This journal is © The Royal Society of Chemistry 2008
was supported by the NSF (DMR-0602684 and DBI-0649865), the Harvard MRSEC (DMR-0213805), and the Italian Ministry of Foreign Affairs and the Italian Ministry of University and Research through the FIRB project RBIN045NMB. SK was supported by the Deutsche Forschungsgemeinschaft (DFG, KO 3572/1). ACR is a Cross-Disciplinary Fellow of the Human Frontiers Science Program. CAM was supported by a Liebig Grant of the Fonds der Chemischen Industrie which is partially ¨ Bildung und Forschung funded by the Bundesministerium fur (BMBF).
Notes and references 1 J. C. Love, J. L. Ronan, G. M. Grotenbreg, A. G. Van Der Veen and H. L. Ploegh, Nat. Biotechnol., 2006, 24, 703–707. 2 Y. C. Tan, J. S. Fisher, A. I. Lee, V. Cristini and A. P. Lee, Lab Chip, 2004, 4, 292–298. 3 J. D. Tice, H. Song, A. D. Lyon and R. F. Ismagilov, Langmuir, 2003, 19, 9127–9133. 4 H. Song, J. D. Tice and R. F. Ismagilov, Angew. Chem., Int. Ed. Engl., 2003, 42, 768–772. 5 S. L. Anna, N. Bontoux and H. A. Stone, Appl. Phys. Lett., 2003, 82, 364. 6 M. He, J. S. Edgar, G. D. M. Jeffries, R. M. Lorenz, J. P. Shelby and D. T. Chiu, Anal. Chem., 2005, 77, 1539–1544. 7 A. Huebner, M. Srisa-Art, D. Holt, C. Abell, F. Hollfelder, A. J. deMello and J. B. Edel, Chem. Commun., 2007, 1218–1220. 8 J. Clausell-Tormos, D. Lieber, J.-C. Baret, A. El-Harrak, O. J. Miller, ¨ L. Frenz, J. Blouwolff, K. J. Humphry, S. Koster, H. Duan, C. Holtze, D. A. Weitz, A. D. Grifﬁths and C. A. Merten, Chem. Biol., 2008, 15, 427–437. 9 M. Chabert and J. L. Viovy, Proc. Natl. Acad. Sci., 2008, 105, 3191. 10 Y. Xia and G. M. Whitesides, Angew. Chem., Int. Ed. Engl., 1998, 37, 550–575. 11 C. Holtze, A. C. Rowat, J. J. Agresti, J. B. Hutchison, F. E. Angil`e, ¨ C. H. J. Schmitz, S. Koster, H. Duan, K. J. Humphry, R. A. Scanga, J. S. Johnson, D. Pisignano and D. A. Weitz, 2008, unpublished work. 12 A. S. Utada, A. Fernandez-Nieves, H. A. Stone and D. A. Weitz, Phys. Rev. Lett., 2007, 99, 094502. 13 G. C. Randall and P. S. Doyle, Proc. Natl. Acad. Sci., 2005, 102, 10813–10818. 14 K. C. Lowe, M. R. Davey and J. B. Power, Trends Biotechnol., 1998, 16, 272–277. 15 B. Schlumpp and B.-J. Schlaeger, J. Cell Sci., 1990, 97(4), 639–647. 16 M. J. Powers, K. Domansky, M. R. Kaazempur-Mofrad, A. Kalezi, A. Capitano, A. Upadhyaya, P. Kurzawski, K. E. Wack, D. B. Stolz and R. Kamm, Biotechnol. Bioeng., 2002, 78, 257–269. 17 L. M. Hendershot and R. Sitia, in Molecular Biology of B Cells, ed. T. Honjo, F. Alt and M. Neuberger, Elsevier Science Ltd., London, 2003. 18 K. Ahn, J. Agresti, H. Chong, M. Marquez and D. A. Weitz, Appl. Phys. Lett., 2006, 88, 264105. 19 D. R. Link, S. L. Anna, D. A. Weitz and H. A. Stone, Phys. Rev. Lett., 2004, 92, 54503. 20 X. Niu, M. Zhang, S. Peng, W. Wen and P. Sheng, Biomicroﬂuidics, 2007, 1, 044101. 21 K. Ahn, C. Kerbage, T. P. Hunt, R. M. Westervelt, D. R. Link and D. A. Weitz, Appl. Phys. Lett., 2006, 88, 024104. 22 C. Schmitz, A. C. Rowat and D. A. Weitz, 2008, unpublished work.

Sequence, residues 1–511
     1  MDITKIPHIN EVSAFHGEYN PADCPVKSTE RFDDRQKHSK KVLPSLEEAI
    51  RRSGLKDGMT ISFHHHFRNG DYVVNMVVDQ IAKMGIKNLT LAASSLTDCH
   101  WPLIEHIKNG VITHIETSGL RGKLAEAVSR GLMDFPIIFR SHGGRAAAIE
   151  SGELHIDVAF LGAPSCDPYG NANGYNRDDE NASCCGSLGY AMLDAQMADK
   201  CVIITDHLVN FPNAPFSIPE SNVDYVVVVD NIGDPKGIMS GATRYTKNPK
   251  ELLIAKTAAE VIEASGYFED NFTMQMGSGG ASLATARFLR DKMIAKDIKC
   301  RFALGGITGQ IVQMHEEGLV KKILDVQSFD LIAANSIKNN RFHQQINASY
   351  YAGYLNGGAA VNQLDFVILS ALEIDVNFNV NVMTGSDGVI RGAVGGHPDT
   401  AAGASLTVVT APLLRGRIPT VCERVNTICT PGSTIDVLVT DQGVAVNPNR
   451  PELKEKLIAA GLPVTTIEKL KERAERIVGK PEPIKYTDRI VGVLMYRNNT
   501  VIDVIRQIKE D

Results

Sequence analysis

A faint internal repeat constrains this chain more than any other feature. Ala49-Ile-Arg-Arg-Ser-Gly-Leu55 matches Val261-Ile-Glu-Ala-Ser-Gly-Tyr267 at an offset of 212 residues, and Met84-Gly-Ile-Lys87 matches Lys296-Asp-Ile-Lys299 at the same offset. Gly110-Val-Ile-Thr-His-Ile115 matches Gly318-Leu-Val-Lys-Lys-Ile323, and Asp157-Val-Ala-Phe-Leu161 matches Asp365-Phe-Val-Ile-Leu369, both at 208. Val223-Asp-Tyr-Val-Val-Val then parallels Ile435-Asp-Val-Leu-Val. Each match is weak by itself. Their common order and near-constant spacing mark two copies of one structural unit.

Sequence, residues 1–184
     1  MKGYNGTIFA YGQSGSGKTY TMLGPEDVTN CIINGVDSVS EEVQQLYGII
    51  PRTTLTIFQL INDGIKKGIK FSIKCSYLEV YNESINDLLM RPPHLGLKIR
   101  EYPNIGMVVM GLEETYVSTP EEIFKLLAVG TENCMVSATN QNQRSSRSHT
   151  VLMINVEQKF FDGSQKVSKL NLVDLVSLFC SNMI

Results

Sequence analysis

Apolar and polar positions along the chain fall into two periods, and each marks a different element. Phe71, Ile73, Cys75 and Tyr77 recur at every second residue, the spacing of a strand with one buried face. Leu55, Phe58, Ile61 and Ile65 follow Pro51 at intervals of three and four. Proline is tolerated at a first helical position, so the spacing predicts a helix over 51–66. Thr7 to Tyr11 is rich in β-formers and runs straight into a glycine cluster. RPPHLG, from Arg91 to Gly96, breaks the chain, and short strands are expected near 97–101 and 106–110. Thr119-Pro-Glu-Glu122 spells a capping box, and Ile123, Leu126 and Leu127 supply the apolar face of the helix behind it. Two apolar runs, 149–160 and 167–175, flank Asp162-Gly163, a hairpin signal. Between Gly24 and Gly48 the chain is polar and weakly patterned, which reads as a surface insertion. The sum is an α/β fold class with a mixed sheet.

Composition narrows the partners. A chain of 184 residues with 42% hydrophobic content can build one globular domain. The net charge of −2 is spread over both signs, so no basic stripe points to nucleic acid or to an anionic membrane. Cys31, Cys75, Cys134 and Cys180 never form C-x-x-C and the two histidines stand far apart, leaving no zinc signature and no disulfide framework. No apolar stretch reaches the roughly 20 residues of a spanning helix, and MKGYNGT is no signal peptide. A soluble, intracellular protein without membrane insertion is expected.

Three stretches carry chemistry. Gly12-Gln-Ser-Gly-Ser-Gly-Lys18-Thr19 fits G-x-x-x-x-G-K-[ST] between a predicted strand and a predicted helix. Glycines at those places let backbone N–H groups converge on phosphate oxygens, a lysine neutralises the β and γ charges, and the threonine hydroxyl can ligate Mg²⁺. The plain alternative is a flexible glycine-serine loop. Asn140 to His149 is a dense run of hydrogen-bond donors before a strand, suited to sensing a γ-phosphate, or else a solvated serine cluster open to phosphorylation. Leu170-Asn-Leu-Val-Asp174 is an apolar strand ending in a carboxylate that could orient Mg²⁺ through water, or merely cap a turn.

Lab Chip, 2008, 8, 1110–1115 | 1115